Lake Wateree Covekeepers

Welcome to our webpage.

Please join us at one of our regular  meetings, which are typically held at 7 p.m. on the 2nd Thursday of each month at the Dutchman Creek Fire Department on the West side of Lake Wateree. Click here for a map to the meeting place.

Sunset on Lake Wateree

Lake Wateree Water Testing

The Lake Wateree Covekeepers, in partnership with the University of South Carolina and the Lake Wateree Home Owners Association, has been conducting water quality testing.  Links to the test results are included below:

New Home Owner Welcome Letter

Welcome to Lake Wateree!

We think Lake Wateree is a very special place and are happy you have joined our community.

As a new property owner, I am sure you want the lake environment in which you have invested to remain beautiful and healthy for years to come. To ensure that is the case, the lake needs your help. Those of us fortunate enough to live along this lake’s shoreline have an added responsibility in protecting the scene we enjoy daily and the water we value for drinking, boating, swimming, and fishing.

Most shoreline residents would not knowingly pollute the water along which they live.  Yet without realizing it, lakeshore lots release a variety of substances that can degrade water quality:

  • The clearing of land to build houses bares soil and can send sediments downslope to cloud the water and stress aquatic life. Please ensure that properly installed silt fences are in place when excavations are being done on your lot.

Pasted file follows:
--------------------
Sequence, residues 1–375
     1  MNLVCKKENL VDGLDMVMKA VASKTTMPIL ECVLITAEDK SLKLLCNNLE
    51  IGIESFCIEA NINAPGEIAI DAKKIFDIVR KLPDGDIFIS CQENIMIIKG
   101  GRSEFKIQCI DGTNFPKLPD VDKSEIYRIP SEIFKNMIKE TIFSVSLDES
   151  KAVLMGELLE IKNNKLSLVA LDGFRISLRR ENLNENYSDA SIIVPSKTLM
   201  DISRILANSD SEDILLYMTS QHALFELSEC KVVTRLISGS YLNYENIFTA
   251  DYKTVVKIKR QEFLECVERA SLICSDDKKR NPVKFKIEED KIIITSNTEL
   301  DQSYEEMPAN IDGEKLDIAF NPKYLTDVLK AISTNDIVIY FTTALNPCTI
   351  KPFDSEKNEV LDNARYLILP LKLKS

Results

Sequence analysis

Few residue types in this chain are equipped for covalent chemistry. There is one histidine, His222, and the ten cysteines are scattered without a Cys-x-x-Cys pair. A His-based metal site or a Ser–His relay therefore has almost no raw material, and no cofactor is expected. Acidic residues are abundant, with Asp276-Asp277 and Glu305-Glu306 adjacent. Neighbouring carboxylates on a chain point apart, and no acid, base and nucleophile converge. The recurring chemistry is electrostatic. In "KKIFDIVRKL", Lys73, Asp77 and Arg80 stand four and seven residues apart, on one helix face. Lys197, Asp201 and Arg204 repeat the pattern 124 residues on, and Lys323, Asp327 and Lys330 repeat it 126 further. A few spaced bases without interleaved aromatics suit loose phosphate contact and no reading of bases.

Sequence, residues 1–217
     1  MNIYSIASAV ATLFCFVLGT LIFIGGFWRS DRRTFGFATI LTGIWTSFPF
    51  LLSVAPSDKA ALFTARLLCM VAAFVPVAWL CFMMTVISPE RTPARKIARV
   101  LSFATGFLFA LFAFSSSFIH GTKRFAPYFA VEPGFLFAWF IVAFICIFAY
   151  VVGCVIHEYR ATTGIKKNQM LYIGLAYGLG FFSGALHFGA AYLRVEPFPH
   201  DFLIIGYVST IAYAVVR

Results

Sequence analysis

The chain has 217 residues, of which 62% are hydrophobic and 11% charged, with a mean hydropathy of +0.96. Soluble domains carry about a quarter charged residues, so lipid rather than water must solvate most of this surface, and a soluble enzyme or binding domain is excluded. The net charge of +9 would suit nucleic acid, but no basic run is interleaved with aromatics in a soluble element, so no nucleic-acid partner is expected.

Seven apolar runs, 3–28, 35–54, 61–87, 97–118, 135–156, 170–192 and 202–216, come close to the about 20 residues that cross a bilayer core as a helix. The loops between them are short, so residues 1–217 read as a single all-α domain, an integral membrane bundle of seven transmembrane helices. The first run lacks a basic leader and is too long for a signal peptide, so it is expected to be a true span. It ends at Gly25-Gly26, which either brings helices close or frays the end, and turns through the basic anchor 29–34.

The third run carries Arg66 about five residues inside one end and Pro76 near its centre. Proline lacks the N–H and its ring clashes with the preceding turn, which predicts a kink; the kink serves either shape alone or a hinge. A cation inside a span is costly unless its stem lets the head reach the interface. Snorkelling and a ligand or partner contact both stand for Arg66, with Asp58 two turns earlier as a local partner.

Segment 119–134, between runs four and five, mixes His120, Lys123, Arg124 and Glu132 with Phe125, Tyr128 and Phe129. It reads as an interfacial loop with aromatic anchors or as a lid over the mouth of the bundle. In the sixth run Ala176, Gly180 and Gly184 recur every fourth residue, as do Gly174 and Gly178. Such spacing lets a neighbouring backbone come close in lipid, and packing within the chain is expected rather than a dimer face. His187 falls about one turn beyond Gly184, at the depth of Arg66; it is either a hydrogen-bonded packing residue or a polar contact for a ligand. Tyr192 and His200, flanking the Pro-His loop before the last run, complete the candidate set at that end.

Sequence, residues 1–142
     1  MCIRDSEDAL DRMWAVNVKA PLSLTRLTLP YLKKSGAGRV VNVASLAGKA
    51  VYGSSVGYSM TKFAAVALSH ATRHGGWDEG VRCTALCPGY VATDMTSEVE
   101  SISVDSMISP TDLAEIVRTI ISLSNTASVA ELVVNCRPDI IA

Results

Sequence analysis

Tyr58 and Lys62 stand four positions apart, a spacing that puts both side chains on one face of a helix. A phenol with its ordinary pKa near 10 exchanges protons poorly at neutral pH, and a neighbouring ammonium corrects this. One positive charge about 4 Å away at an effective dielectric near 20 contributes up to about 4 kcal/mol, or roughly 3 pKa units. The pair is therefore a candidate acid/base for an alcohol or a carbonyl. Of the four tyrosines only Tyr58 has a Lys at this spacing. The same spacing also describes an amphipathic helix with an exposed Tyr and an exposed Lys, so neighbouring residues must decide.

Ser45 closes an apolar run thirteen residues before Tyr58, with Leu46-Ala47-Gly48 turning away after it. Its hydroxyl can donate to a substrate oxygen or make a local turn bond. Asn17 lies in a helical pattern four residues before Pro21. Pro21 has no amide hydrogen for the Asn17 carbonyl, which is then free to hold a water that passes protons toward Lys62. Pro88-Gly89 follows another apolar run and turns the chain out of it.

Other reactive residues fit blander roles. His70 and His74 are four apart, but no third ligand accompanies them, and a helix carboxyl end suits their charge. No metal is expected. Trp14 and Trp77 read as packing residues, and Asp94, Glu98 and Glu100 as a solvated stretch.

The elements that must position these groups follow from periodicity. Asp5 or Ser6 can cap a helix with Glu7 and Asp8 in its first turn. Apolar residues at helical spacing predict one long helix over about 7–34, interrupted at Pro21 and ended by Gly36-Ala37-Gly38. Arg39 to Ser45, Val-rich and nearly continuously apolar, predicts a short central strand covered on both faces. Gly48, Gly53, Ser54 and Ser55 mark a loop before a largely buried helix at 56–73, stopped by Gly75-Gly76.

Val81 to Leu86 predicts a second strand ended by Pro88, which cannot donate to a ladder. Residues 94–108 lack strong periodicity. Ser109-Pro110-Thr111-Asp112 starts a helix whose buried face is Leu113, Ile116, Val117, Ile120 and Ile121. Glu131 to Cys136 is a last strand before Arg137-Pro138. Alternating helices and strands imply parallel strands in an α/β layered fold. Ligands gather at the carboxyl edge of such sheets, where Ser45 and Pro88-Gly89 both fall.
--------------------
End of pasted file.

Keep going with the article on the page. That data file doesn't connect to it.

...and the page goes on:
• Driveways can also be a source of sediment and of noxious chemicals such as gas, oil, antifreeze, detergent and toxic metals.
  • Inadequately maintained septic systems eventually release bacteria that may endanger swimmers, as well as plant nutrients that foul waters with green scum of excess algal growth.
  • Lawns and gardens often release contaminants from fertilizers, pesticides, and herbicides. Lawn maintenance may introduce grass clippings or soil into the lake.


Taking care not to discharge harmful substances or to cause soil erosion is the most effective step in caring for a lake; surrounding it with a protective barrier to contain contaminated runoff and sediment is an important secondary precaution. Vegetation is nature’s protective barrier, a natural way to protect our water.